Hypnosis thus raised significant issues concerning the doctor-patient relationship. A precondition for the contract between doctor and patient, he wrote, was the existence of a relationship of trust: a consent given by the patient or patient’s guardian. This was precisely what hypnosis, by disabling the will and thus the very basis of voluntary consent, called into question. This special feature of the hypnotic procedure, therefore, was symptomatic of a larger problem plaguing modern medicine: that patients all too often were treated as objects -- a fact raising questions about “the so-called voluntary nature of the consent that patient-subjects gave their physician-researchers.” In touching here on the issue of physicians’ treatment of their patients, Moll linked the problem of ethical violations to larger questions of public trust. Absence of trust harmed hopes of medical progress both by hindering public health policies and by strengthening the popularity of alternative medicine.
Moll’s effort to find a middle ground between the patient’s interests and those of science initially found little resonance. Meanwhile, the critique of the natural scientific orientation in medicine spawned a lively medical counter-culture of alternative and esoteric healing, against which German doctors campaigned vigorously. This proved, however, no easy task, and became less so as a result of subsequent developments. During World War I, thousands of shell-shocked soldiers were treated with hypnosis. German military doctors’ discovery of its therapeutic properties gave hypnosis new validity. At the same time, the war amplified many of the issues that had surfaced in earlier debates. In some hands, the hypnotic treatment took on authoritarian features, making the patient’s submission to the physician’s absolute authority a part of the cure, and leading to conflicts between medical authorities and soldiers. Such conflicts were re-enacted in postwar films like The Cabinet of Dr. Caligari (1919), which portrayed the hypnotist as a figure of intense fear and fascination.
During the 1920s, debates about hypnosis proceeded along several tracks. On the one hand, many doctors incorporated it into their clinical practice. On the other, controversies persisted concerning its still poorly understood workings, benefits, and risks. Malpractice charges were not infrequently filed against the many unlicensed hypnotists who flourished in the war’s aftermath. The campaign against lay medicine, or quackery, continued throughout the Weimar period. At the same time, in the polarized political climate of this era, many politically conservative physicians cultivated an image of themselves as charismatic leaders, claiming the right to administer ambitious, and sometimes radical, solutions to many social problems. Moreover, doctors continued to resist encroachment on their prerogatives, resisting efforts to impose stricter guidelines on experimentation, claiming that - as opposed to the problem of quackery, where intervention was justified – prospects for scientific progress demanded complete freedom.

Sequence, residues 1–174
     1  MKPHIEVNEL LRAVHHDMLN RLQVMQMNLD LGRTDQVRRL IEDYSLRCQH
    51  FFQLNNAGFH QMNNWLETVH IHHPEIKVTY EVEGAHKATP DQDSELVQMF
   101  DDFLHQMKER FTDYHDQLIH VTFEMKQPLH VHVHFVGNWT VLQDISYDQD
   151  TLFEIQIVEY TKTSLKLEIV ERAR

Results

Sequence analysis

It was in this context that Julius Moses launched his attacks on the “experimental mania” in German medicine. In referring polemically to the Lbeck case as an instance of “medical quackery,” Moses challenged the claims of physicians like Alfons Stauder, the doctor who brought hypnosis into the 1930 Health Council deliberations, that German medicine stood on solid scientific foundations. Stauder was the head of two leading medical associations who had long used his position of influence to campaign against lay-healers. Convinced that his profession had adequate safeguards in place, Stauder argued that the worst abuses occurred in natural medicine circles. Nevertheless, in the outcry following the Lbeck affair, the Health Council issued new guidelines spelling out the limits of permissible experimentation and the principle of voluntary informed consent. These guidelines, however, had limited impact before the Nazis repudiated them in 1933. With the passage of laws legalizing involuntary sterilization of the mentally handicapped, the systematic violation of patient’s rights became institutionalized under the rapidly Nazified medical profession.
What conclusions may be drawn from this story about hypnosis and its place in the history of debates about medical ethics? Though the issues surrounding hypnosis do not warrant comparison with the Lbeck case or the crimes tried at Nuremberg, the persistence with which German doctors wrestled with them over a period of decades suggests that these issues touched a deep nerve in the medical community. Hypnosis represented a special category, one that threw several problems confronting the profession into relief. Debates about hypnosis exposed a general lack of clarity surrounding the boundaries between treatment and experiment, as well as the boundaries between science and non-science, in other areas of medicine. Perhaps more importantly, hypnosis raised significant questions concerning the relationship between doctor and patient. Efforts to establish this relationship, and the wider relation between medicine and public, on the basis of the principle of voluntary, informed consent proved, in the deeply fractured political climate of the early 1930s, short-lived. It would take the verdict of the Nuremberg doctors’ trial, and the subsequent efforts of the psychiatrist Leo Alexander, to establish this principle at the center of modern medical ethics.